Boris Johnson has been accused of making a “mockery” of UK-French relations after he published a letter to Emmanuel Macron on Twitter over how to tackle the migrant crisis in the Channel.
France’s interior minister Gerald Darmanin said the prime minister must “take responsibility” for people attempting to cross the water to Britain.
France was so enraged by the move that it withdrew the UK’s invitation to join weekend talks with other European ministers about how to stem the flow of people crossing the Dover strait.
Mr Darmanin told French television channel BFMTV: “When there are serious diplomatic exchanges… and lives that are at stake… and some minutes later you see that a letter, which no one has ever mentioned before, is published on Twitter from the British Prime Minister to the President of the French Republic before the President of the Republic has received it, it’s a bit peculiar.”
He added: “When in this letter the English say the French should ‘take back their migrants, all their migrants’, it’s a mockery.”
And he said British-French relations were not currently “normal” and that “our private exchanges are not always in line with our public exchanges”.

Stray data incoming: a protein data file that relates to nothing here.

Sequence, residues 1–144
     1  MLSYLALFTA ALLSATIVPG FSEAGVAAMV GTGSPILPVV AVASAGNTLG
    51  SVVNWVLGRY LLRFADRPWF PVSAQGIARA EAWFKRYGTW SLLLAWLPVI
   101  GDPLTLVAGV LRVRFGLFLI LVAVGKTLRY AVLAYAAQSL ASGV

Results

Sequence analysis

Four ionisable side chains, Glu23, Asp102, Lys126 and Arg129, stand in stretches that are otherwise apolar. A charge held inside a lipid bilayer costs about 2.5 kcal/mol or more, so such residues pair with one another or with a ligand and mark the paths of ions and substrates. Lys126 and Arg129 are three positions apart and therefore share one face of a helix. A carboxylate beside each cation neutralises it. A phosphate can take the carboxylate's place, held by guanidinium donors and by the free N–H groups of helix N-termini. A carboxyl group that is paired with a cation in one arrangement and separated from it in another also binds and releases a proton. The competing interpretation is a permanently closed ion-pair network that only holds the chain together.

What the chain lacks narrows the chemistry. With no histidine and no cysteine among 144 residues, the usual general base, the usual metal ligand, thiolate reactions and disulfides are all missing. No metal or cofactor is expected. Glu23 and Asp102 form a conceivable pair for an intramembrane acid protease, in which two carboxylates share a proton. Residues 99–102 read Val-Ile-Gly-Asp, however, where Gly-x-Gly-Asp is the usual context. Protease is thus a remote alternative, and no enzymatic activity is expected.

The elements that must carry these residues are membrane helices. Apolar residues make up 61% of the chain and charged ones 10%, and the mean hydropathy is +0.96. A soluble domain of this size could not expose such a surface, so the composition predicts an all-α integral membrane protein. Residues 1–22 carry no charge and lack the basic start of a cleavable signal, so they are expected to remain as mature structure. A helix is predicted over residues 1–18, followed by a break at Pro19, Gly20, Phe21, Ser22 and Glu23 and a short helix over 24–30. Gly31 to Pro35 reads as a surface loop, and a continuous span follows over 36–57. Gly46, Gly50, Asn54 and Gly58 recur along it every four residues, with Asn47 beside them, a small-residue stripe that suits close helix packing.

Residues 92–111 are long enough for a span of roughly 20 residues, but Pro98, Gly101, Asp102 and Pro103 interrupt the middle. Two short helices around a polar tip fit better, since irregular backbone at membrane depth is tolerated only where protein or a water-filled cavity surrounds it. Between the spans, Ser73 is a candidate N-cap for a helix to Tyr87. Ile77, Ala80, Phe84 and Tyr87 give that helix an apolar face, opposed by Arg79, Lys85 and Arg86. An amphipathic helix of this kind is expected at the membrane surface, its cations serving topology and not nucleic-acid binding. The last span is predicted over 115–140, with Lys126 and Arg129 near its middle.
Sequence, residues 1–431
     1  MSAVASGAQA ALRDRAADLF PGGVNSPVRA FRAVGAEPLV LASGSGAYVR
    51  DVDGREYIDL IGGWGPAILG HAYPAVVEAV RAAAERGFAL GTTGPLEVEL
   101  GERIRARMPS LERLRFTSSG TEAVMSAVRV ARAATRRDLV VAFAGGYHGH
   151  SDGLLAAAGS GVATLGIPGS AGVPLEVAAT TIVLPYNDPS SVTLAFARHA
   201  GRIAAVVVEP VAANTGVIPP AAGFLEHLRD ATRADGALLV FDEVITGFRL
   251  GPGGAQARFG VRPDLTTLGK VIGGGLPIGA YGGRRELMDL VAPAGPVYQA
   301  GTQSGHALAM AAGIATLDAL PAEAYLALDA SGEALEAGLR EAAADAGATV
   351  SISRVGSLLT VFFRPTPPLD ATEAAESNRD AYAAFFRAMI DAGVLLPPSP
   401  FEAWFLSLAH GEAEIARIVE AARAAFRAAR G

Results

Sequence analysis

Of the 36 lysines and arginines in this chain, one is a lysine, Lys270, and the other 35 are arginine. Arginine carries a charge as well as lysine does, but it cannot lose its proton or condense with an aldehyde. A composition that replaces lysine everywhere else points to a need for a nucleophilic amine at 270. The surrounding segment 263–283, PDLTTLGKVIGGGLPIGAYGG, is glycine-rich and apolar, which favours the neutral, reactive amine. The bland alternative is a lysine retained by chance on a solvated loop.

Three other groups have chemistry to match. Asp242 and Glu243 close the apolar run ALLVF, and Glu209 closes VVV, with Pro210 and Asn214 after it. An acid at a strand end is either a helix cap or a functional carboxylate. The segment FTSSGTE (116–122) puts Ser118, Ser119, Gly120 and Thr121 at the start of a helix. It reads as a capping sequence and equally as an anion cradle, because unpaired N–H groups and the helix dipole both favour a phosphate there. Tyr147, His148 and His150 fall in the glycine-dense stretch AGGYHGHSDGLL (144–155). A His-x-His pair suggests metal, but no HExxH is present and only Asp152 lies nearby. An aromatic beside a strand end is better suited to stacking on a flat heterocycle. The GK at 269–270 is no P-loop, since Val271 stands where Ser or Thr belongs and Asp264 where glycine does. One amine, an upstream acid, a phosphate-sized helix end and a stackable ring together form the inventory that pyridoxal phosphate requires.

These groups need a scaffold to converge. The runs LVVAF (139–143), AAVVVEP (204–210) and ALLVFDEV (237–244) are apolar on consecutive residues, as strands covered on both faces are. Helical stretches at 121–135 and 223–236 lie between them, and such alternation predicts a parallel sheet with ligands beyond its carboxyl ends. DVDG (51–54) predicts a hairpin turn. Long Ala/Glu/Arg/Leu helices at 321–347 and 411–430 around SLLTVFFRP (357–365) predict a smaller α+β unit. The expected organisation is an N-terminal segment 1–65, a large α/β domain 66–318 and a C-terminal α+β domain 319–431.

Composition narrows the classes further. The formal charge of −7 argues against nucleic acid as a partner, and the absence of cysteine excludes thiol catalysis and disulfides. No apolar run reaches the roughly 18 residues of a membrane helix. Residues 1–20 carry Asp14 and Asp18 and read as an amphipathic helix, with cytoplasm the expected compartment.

The French minister had previously said the UK must make itself less economically attractive to migrants.
It comes after 27 people died when they tried to cross the stretch of water in a small dinghy that capsized last Wednesday – the worst tragedy since the current crisis began.
Among the dead were a pregnant woman, children and a 24-year-old Kurdish woman from northern Iraq trying to reunite with her fiancé.
However, Downing Street has insisted Mr Johnson continues to have full confidence in Priti Patel.
The PM’s official spokesman said: “The prime minister fully recognises the work that the home secretary is doing to try and resolve this challenging issue.”
The spokesman said the single biggest measure that could be taken to resolve the issue would be for France to accept the return of migrants.
In response to criticism from France about the UK’s handling of the situation, the spokesman said: “The single biggest deterrent, the single biggest step we could take together with the French would be a returns agreement, as the prime minister set out last week.
“But we are already taking steps through our Nationality and Borders Bill to reduce the pull factors to the UK and make our asylum system firmer but fairer.”
The Dutch and UK governments have agreed migrants need to be returned to the first safe country they arrive in.
After talks on Sunday, it was agreed that a plane, operated by European Union border agency Frontex, will monitor the shores of the Channel for people crossing from 1 December.
Migration officials also pledged to work together more closely against people-smuggling networks and the trade in inflatable boats.
Ms Patel was understood to be pleased with the decision to dispatch the Frontex plane.